Top Nigerian fraud boy 34yrs in prison after he was arrested by the FBI some time ago.
The FBI says a Plano-based Nigerian national scammed a Fort Worth charity out of more than $100,000.
Babatope Joseph Aderinoye, 30, was sentenced to prison for that crime as well as millions of dollars in other fraud cases. The Fort Worth non-profit he stole from offers financial support to the terminally ill.
Aderinoye was sentenced last week to 34 years in federal prison for a multimillion-dollar fraud scheme targeting senior citizens, a North Texas school district and even a charity helping families of terminally ill patients.
Kristina Robertson says her Fort Worth non-profit got taken for $100,000. She runs Project 4031. They provide financial relief to families of terminally ill patients. Some of those names are tagged to their wall.
“Just feel very blessed to be able to be a part of it,” she said.
They also fulfill final wishes, anything from a trip to a Rangers game to Christmas presents.
Robertson says her bank noticed a suspicious email request for a money transfer. Turns out her email account was hacked.
“I think he was just fishing and kind of seeing who he could catch,” she said.
The FBI says starting in 2018 Aderinoye used fake passports to set up fake businesses and bank accounts. He’s tied to at least 13 aliases, 12 fake businesses and 40 fraudulent bank accounts. He and his co-conspirators used various email and phone scams, posing as someone familiar and encouraging victims to wire money. They’d then transfer the money to a Nigerian bank account. Feds say he stole more than $6.7 million from a lengthy list of victims.
“I think we were very naive at the time thinking that it would not happen to us even though we were taking what we thought were appropriate procedures,” Robertson said. “They weren’t enough.”
Project 4031 had to close bank accounts but was able to recoup all of its losses. They’re now back to helping people while warning others to watch out for scammers.
“Like I said, our policies and procedures and actions that we took that was a great lesson learned,” Robertson said.
Aderinoye even tried to steal money from Community ISD in southeastern Collin County, but he was unsuccessful.
The U.S. Attorney’s Office said the school district was the one that spearheaded the investigation by catching the attempted fraud before any wires were sent. It led to the FBI investigating the bank account where the funds were to be redirected.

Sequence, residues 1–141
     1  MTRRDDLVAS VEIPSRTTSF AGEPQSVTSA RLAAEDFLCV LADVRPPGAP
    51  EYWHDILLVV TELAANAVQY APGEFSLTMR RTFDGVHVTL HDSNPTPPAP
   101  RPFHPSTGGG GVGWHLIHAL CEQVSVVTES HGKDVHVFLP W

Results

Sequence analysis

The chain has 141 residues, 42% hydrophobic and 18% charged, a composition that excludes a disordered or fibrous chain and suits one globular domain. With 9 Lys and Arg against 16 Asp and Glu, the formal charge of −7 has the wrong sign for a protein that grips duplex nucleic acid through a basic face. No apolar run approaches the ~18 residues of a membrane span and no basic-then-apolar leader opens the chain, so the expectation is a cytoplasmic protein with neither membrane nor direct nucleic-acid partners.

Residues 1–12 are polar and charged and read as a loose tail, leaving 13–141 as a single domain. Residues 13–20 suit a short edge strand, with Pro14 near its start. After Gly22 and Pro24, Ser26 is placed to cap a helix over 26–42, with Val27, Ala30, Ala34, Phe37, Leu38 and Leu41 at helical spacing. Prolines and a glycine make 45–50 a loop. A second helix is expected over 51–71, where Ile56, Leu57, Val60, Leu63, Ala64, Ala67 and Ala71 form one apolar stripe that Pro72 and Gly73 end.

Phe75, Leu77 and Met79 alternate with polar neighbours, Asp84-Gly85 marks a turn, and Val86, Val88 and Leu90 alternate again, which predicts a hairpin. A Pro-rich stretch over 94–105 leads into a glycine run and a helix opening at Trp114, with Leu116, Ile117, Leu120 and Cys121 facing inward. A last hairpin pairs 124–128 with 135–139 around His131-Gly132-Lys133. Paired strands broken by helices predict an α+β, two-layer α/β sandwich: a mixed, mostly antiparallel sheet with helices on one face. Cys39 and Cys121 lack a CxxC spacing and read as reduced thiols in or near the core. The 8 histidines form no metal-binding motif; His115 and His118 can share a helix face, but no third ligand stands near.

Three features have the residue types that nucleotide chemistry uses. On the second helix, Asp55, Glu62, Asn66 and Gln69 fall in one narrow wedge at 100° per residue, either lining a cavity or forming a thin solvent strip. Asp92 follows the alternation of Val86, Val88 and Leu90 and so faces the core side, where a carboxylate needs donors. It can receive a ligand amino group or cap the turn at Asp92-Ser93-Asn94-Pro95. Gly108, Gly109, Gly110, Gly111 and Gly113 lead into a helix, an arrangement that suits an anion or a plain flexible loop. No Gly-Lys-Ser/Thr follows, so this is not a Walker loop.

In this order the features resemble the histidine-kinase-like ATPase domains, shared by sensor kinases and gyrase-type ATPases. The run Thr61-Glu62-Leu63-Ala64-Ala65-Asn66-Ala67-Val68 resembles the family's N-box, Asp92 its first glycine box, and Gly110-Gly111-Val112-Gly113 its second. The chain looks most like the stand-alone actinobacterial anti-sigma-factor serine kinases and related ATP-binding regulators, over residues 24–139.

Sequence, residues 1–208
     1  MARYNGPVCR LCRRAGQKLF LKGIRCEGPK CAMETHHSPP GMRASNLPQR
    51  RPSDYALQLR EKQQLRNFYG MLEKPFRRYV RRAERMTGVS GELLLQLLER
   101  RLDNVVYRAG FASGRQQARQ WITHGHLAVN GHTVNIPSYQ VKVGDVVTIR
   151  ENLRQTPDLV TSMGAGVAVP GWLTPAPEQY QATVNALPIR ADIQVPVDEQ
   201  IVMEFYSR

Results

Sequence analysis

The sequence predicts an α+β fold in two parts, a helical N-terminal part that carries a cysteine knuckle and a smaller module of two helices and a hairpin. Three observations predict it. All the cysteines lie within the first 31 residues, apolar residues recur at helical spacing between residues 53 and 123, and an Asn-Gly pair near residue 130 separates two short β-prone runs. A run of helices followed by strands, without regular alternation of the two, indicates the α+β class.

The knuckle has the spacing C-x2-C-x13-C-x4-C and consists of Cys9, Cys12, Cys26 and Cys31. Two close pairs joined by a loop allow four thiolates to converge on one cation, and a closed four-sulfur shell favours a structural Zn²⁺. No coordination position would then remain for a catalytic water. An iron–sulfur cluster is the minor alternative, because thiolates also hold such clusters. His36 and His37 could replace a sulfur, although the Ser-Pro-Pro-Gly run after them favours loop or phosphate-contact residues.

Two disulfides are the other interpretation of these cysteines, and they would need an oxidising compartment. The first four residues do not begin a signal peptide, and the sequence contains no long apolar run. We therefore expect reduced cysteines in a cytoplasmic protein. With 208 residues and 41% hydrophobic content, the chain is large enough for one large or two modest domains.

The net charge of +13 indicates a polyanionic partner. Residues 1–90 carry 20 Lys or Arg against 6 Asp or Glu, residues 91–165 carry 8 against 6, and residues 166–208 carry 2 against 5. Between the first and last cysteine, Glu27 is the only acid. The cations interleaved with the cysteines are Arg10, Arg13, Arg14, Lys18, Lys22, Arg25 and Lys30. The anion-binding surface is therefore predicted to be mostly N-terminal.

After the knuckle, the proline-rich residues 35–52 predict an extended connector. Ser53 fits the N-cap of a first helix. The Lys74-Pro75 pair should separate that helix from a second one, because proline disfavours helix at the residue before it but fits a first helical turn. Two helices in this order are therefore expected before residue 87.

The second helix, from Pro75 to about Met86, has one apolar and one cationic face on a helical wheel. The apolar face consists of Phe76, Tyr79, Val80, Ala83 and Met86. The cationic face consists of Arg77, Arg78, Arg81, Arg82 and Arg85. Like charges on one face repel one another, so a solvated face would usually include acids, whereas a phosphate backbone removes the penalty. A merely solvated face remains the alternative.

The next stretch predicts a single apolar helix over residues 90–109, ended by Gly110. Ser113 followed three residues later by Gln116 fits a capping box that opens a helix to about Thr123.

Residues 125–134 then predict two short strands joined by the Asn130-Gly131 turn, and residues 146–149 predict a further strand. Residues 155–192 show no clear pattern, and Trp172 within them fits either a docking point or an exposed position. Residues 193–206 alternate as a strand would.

“In the Community ISD attempted fraud, one of the perpetrators sent an email that purported to be from an employee of Pogue Construction. Pogue Construction had contracted with Community ISD to build a new school and some other facilities. As a result, Community ISD was sending large payments regularly to Pogue. In an initial email, the perpetrator asked Community ISD to send them the last payment amount made to Pogue, which was $590,774.09. They then requested that Community wire all future payments to a new bank account, which was the fraudulent account. Records showed that the next payments made by Community ISD to the real Pogue Construction were $27,250 & $669,693.65. These payments were made shortly after the attempted fraud and likely would have been sent to Aderinoye and his co-conspirators had the scheme not been uncovered by Community ISD employees,” said Davilyn Walston, a public affairs officer for the U.S. Attorney’s Office.
“The types of fraud committed by Mr. Aderinoye and his co-conspirators not only have lasting ramifications for the affected victims but also threaten the integrity of our country’s financial systems,” said Acting U.S. Attorney Nicholas J. Ganjei. “While today’s sentence is a decisive victory for the victims of Mr. Aderinoye and his co-conspirators, the overall fight against cyber fraud continues. EDTX will do everything in its power to bring other cybercriminals to justice, and to recover ill-gotten gains for those victimized.”
The FBI is reportedly still working on the case to identify potential victims and Aderinoye’s co-conspirators.
In addition to his prison sentence, Aderinoye was ordered to pay nearly $2 million in restitution.
Correction: A news release from the U.S. Attorney’s Office Eastern District of Texas incorrectly stated Babatope Aderinoye defrauded Community ISD. The school district was able to avert the fraud attempt and alerted authorities.